But there is more than just recognising its existence. What is interesting is the way that Selfie is evolving as a word. The ‘elfie’ suffix can take almost anything at the beginning to denote a particular type of photo, but it has already undergone a semantic evolution. Selfies are very specifically photos that people take of themselves. Brelfies on the other hand are not taken by their subject, they are photographs of individuals but are taken by other people.
So the idea of a photographic portrait is being overtaken by the Selfie, whose linguistic derivatives are rapidly growing to encapsulate all kinds of photos of individuals. I wonder if it is possible that individual images of people will all come to be referred to in Selfie terms in the future, and the portrait photo will become a thing of the past. I wouldn’t rule it out.
There’s nothing like coining a new word to get your story into print. Many are the press releases I see where a neologistic angle has been taken as a way of grabbing headlines. Few are the ones that get any traction.
So well done to estate agency Savills, which managed to get quite widespread coverage for its findings about the increasing numbers of people who are living in houses worth a million pounds or more, but who don’t necessarily think of themselves as millionaires. According to Savills, they are ‘Homillionaires’.
I think a round of headlines is as far as this new word will travel. It’s a pretty ugly creation, and doesn’t really work at all in spoken format, which is a clear negative when it comes to widespread adoption. And while there is certainly a semantic gap for the term to squeeze into, property millionaires as a term probably covers it adequately enough.
That’s not to say that the word will completely disappear. I can see newspapers referencing it in other pieces about property prices this year, but always with inverted commas around it to confirm that it hasn’t really established itself. It’s a term whose future is probably purely for journalists and sub-editors.
There is a growing tradition for charities to invent new words as titles to bring attention to themselves. Movember, Stoptober and Dryathlon are three recent examples. I can understand why they do it, because if the new word sticks in people’s minds then the charity can prove to be a big hit. Movember in particular has been a hugely successful campaign, and its name has become embedded in the language as a result.
The latest effort is the brainchild of actor Stephen Amell. The star of Arrow has charity credentials, having taken on cancer with the apposite F*** Cancer campaign last year.
His new campaign, helping out both an anti-bullying group and military veterans, is named after a new word he coined last year. Sinceriously has been defined by the star as ‘the ability to speak freely, openly and honestly about anything’, with a secondary meaning of ‘to initiate any action while spreading as much good karma as possible’. A T-shirt showcasing the definition and supporting the charity has gone on sale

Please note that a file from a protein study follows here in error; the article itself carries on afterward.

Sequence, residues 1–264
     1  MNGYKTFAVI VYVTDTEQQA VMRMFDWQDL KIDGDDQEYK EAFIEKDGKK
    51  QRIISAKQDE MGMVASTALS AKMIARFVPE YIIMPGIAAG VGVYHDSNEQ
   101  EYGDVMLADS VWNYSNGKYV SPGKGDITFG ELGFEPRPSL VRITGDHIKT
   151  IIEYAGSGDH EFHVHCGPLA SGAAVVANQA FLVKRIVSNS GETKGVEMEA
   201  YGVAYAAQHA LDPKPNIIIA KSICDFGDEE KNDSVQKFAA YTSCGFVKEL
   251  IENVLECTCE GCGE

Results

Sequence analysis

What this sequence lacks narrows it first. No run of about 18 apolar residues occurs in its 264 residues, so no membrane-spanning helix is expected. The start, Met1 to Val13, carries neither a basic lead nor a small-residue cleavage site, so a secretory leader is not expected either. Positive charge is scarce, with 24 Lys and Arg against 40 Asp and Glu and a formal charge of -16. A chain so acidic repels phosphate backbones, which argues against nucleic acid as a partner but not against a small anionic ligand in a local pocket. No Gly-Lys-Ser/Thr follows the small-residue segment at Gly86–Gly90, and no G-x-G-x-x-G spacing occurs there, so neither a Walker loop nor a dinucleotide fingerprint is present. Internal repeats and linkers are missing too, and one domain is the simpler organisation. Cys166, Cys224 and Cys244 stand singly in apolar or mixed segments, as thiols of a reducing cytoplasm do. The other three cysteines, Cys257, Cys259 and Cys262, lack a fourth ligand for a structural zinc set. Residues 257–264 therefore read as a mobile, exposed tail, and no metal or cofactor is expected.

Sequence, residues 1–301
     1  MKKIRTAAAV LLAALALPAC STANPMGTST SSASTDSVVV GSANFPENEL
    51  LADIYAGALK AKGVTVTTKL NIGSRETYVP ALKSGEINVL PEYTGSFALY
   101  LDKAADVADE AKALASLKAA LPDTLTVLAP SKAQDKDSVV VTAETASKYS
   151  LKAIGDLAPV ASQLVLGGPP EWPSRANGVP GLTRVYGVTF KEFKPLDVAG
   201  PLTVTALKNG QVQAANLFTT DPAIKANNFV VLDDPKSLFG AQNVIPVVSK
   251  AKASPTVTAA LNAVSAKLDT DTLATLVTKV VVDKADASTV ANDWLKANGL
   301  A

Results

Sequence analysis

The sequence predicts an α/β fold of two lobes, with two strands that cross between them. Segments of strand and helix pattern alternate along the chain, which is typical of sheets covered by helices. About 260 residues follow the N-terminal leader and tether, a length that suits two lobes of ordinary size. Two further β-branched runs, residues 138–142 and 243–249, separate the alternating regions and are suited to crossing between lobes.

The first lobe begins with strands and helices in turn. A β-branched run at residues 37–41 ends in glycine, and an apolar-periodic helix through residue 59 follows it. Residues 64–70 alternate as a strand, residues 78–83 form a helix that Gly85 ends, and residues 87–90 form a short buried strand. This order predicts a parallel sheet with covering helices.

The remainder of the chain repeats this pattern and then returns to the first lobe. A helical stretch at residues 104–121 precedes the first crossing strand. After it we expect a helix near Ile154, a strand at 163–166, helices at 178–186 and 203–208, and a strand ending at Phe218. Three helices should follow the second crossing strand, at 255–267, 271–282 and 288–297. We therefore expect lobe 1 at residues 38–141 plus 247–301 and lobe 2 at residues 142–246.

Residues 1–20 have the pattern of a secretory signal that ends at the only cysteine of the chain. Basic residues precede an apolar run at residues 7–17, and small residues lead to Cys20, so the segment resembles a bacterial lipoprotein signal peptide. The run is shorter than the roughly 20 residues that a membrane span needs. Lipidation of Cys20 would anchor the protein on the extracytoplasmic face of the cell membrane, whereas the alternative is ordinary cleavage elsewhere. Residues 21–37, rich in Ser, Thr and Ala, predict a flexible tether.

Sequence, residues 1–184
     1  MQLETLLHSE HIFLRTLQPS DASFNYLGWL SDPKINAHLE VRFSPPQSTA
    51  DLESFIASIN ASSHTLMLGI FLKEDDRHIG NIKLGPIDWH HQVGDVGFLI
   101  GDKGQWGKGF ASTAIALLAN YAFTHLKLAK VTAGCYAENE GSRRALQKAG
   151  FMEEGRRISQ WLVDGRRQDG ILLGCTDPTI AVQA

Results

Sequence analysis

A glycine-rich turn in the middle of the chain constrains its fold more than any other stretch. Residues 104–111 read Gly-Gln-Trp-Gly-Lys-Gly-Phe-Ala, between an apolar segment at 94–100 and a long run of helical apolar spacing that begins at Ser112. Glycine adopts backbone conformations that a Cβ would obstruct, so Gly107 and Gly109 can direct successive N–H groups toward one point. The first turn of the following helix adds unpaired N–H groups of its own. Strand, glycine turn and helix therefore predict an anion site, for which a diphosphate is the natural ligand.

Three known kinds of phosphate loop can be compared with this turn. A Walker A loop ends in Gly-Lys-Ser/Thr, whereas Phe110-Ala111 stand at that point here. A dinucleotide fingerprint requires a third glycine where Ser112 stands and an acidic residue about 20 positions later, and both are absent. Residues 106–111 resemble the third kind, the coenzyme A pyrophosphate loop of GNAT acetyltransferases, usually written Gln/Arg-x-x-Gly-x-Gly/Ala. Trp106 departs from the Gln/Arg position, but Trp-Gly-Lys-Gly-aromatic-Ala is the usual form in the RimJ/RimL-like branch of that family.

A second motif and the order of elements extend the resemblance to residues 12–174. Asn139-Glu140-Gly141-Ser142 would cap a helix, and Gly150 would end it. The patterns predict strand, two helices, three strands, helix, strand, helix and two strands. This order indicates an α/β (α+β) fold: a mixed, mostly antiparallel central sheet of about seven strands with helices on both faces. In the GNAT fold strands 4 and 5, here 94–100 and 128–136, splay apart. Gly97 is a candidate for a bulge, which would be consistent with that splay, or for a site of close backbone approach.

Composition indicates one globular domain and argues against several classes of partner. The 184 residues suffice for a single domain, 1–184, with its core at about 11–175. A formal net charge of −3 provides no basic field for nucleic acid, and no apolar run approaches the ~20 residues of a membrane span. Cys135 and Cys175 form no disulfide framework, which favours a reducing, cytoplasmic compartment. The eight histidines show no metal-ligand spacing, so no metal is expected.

Mr Amell said “It’s a campaign to get people talking. And what better way to get people talking than by creating a new word.” Well yes, of course I agree. New words do get people talking. But the problem with a manufactured word such as this one is that even if it does get people talking, the subject matter may be that the word is not a very good one. Clearly derived from sincerely, I’m not sure that it really develops that word in any meaningful way, and I can’t see people using it. Frankly, it just sounds like you’ve got the actual word wrong.
All of which is a shame. Mr Amell clearly does fine work for charity and his efforts are only to be applauded. He also understands that getting the right new word for a charity can propel it to stratospheric levels. It’s just that this isn’t a great word. Nevertheless, I hope that despite this, he achieves huge success with his efforts.
Amid the hullabaloo over whether David Cameron will be prepared to debate against his political rivals this year in the run-up to the UK’s General Election, one thing that has not gained much attention yet is the possibility that a new term will enter the political language.
Mr Cameron has said that the debates cannot go ahead without the Green Party, and suggestions have been made that if it is decided to hold them without the Prime Minister, an empty podium will be provided should he change his mind. And so the practice of providing such an unattended lectern has been tentatively named ’empty podiuming’.
This is of course a ghastly and unwieldy term which is highly unlikely to catch on, simply because it is too ugly to be taken seriously. However, Empty Podium itself sounds like a term which could metamorphose from being simply a description of what might be provided to a term which becomes inescapable as the campaign fires up.
Will it ever be more than a reference point for this election, or could it become a tactic of the future, that anybody who refuses to take part in something will be threatened with an Empty Podium. It is too early to say, of course, but this could be the genesis of a new term in the political vernacular.